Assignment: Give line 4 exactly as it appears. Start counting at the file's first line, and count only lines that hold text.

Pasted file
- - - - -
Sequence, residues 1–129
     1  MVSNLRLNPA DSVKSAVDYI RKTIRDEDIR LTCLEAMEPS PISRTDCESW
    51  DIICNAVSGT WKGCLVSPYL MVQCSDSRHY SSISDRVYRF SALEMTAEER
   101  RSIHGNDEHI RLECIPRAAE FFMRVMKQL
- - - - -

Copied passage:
   101  RSIHGNDEHI RLECIPRAAE FFMRVMKQL